Prior to the reading I had viewed curriculum development as a closed off process, done largely by civil servants within the Ministry of Education, with consultations from the school board, and educators. I don’t have much memory of the consultation processes of the last major curriculum renewal, even though I was part of one of the first groups of students to experience the new science curriculum.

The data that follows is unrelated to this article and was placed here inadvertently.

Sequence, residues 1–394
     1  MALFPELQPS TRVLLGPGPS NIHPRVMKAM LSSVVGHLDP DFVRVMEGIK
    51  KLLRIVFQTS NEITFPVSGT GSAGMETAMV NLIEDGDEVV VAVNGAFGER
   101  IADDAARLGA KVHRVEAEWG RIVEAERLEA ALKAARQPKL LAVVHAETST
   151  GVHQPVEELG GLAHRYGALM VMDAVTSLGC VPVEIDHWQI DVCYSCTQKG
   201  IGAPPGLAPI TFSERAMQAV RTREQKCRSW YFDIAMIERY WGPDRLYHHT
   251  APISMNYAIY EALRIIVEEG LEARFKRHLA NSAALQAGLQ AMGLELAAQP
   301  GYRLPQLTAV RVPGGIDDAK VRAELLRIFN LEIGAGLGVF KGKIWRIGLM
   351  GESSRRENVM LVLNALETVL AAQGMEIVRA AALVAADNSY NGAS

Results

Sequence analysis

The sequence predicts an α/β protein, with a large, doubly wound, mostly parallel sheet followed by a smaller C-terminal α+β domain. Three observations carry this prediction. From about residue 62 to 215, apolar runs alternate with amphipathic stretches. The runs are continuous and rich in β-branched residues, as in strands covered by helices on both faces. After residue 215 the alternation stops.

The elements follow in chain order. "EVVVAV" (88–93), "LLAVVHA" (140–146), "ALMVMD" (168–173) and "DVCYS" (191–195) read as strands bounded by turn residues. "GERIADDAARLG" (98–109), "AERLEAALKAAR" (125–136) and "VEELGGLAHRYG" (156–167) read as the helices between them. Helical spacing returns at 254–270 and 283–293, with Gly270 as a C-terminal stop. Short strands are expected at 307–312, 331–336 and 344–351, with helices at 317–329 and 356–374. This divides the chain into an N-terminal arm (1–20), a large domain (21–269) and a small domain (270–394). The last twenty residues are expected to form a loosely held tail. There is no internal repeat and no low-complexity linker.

After the reading, I see now that although the process is led by the ministry of education, it is also pushed by special interest groups, and public feedback to changes. The renewal teams gather consultations from experts of the field, industry leaders, educators, universities, as well as the general public, and in most cases people like the industry leaders, or university representatives have a lot more power when it comes to changes to the curriculum. One group that seemed to have very little say was the students, which was mentioned in lecture yesterday. I also found it interesting that the example from Ontario ended up acting in a compromise to the recommendations of the initial review committee which had found, based on evidence presented by schools and mathematics experts and university administrators, that the removal of calculus from high school curriculum followed by a restructuring of high level math courses, would have ultimately led to better math results. They ended with a compromise because there was public outcry, and industry groups spoke against it.